## Past Questions

Wondering what past questions for this topic looks like? Here are a number of questions about Current Electricity from previous years

Question 1

Which of the following pairs of musical instruments produce sound due to the vibration of air column?

Question 1

Which of the following is a type of wave that is both mechanical and longitudinal?

Question 1

You are provided with a battery of e.m.f, Estandard resistor, R, of resistance 2 Ω $\mathrm{\Omega }$, a key, K, an ammeter, A, a jockey, J, a potentiometer, UV, and some connecting wires.

(i) Measure and record the emfE, of the battery.

(ii) Set up the circuit as shown in the diagram above with the key open.

(iii) Place the jockey at the point, U, of the potentiometer wire. Close the key and record the reading, i, of the ammeter.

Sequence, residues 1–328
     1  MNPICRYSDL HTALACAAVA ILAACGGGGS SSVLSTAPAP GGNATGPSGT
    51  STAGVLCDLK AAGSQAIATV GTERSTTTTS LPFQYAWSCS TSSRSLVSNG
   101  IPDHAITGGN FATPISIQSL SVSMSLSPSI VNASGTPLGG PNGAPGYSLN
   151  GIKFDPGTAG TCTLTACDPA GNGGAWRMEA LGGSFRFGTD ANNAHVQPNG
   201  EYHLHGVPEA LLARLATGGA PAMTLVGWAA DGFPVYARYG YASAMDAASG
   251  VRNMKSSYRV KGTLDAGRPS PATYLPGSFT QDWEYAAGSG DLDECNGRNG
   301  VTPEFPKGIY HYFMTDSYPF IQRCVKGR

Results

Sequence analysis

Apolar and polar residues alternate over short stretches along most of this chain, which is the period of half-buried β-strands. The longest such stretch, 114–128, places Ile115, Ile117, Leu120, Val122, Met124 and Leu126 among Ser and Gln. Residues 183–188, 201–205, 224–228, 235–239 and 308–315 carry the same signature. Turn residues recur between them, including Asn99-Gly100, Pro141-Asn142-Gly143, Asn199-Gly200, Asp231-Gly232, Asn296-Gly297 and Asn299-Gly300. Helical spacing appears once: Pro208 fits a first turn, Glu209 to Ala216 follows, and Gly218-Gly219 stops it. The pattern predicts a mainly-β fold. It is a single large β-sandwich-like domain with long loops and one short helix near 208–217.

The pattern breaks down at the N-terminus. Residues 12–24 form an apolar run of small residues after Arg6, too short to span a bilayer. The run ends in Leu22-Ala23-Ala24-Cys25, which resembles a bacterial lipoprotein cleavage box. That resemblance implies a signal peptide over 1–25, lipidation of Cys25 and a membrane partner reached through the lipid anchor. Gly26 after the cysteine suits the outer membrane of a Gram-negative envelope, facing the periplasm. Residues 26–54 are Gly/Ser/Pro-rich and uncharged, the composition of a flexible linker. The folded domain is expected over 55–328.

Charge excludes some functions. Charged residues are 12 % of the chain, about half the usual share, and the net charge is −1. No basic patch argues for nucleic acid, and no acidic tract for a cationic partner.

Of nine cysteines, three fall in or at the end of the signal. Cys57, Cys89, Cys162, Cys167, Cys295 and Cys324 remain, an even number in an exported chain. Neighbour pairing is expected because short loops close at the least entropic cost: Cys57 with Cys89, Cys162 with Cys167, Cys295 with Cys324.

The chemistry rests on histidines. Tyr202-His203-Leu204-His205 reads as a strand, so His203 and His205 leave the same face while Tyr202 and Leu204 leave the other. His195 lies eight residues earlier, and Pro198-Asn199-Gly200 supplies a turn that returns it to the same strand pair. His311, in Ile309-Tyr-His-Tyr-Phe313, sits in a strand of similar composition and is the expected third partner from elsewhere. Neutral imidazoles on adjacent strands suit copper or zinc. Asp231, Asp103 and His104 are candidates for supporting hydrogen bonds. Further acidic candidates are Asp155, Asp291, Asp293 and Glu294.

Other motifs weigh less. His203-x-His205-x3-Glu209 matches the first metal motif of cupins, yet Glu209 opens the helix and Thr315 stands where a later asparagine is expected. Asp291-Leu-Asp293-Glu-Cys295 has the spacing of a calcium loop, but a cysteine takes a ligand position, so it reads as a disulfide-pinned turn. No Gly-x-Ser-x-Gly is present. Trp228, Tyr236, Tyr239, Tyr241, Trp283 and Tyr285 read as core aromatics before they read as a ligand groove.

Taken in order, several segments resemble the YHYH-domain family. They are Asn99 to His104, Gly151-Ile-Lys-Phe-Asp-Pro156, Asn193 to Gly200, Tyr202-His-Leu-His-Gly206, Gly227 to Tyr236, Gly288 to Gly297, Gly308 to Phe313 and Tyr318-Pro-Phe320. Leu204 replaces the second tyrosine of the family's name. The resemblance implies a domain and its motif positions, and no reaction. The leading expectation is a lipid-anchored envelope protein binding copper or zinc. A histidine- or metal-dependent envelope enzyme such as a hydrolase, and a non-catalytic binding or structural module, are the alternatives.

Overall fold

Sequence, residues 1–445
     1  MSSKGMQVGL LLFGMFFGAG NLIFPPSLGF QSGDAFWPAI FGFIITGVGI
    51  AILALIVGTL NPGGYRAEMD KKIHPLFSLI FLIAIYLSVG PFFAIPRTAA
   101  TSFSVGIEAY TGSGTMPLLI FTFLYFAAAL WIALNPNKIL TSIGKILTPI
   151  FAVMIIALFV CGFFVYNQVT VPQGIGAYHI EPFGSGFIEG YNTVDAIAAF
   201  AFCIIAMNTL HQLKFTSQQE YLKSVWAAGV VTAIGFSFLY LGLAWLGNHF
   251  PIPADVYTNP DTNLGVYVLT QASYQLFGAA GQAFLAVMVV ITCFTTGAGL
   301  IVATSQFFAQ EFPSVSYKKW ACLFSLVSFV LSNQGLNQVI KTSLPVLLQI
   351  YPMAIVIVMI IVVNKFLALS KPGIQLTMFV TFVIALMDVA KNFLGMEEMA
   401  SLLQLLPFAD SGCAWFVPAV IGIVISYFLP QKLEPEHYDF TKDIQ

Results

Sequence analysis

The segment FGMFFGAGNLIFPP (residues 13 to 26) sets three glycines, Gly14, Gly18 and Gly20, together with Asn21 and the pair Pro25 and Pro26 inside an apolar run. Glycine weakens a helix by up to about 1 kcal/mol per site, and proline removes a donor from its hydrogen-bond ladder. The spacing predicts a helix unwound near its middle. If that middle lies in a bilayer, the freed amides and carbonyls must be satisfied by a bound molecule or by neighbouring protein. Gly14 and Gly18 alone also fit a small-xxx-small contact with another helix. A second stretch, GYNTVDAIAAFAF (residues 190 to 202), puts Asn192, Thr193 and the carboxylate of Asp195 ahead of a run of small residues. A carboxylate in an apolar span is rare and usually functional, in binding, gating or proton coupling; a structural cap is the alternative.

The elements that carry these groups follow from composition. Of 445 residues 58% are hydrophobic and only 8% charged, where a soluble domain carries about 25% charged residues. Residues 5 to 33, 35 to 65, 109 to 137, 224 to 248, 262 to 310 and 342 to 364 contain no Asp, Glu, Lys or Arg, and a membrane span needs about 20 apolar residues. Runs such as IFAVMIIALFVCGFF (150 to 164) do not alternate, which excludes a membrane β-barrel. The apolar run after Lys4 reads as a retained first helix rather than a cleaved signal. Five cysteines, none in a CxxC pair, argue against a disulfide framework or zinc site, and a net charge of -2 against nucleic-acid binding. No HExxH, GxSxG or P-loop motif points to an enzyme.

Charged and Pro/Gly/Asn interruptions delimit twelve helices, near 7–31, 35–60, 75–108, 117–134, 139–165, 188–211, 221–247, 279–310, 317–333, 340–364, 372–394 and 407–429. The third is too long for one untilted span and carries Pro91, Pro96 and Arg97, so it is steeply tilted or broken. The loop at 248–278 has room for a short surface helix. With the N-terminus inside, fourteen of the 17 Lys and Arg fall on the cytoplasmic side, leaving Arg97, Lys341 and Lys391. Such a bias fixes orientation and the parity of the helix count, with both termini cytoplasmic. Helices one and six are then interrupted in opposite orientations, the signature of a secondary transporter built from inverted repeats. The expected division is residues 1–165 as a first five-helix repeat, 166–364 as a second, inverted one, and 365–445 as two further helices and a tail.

(iv) Place the jockey at a point on the potentiometer wire UV such that d = UT = 30.0 cm.

(v) Close the circuit, read and record the current, I, on the ammeter,

(vi) Evaluate I1 ${}^{1}$.

(vi) Repeat the experiment for four other values of d = 40.0 cm, 50.0 cm, 60.0 cm and 70.0 cm. In each case, record I and evaluate I1 ${}^{1}$.

(vii) Tabulate the results

(ix) Plot a graph with d on the vertical axis and I on the horizontal axis stalling both axes from the origin (0,0).

(x) Determine the slope, s, of the graph.

(xi) From the graph determine the value I1 ${}_{1}$, of when = 0. (ci) Given that=s, calculate 8.

(xii) State two precautions taken to ensure accurate results.

(xii) Given that Eδ $\frac{�}{�}$ = s, calculate δ $�$.

(b)(i) Write down the equation that connects the resistance, R, of a wire and the factors on which it depends. State the meaning of each of the symbols.

(ii) An electric fan draws a current of0.75 A in a 240 V circuit. Calculate the cost of using, the fan for 10 hours if the utility rate is \$ 0.50 per kWh.

Practice a number of Current Electricity past questions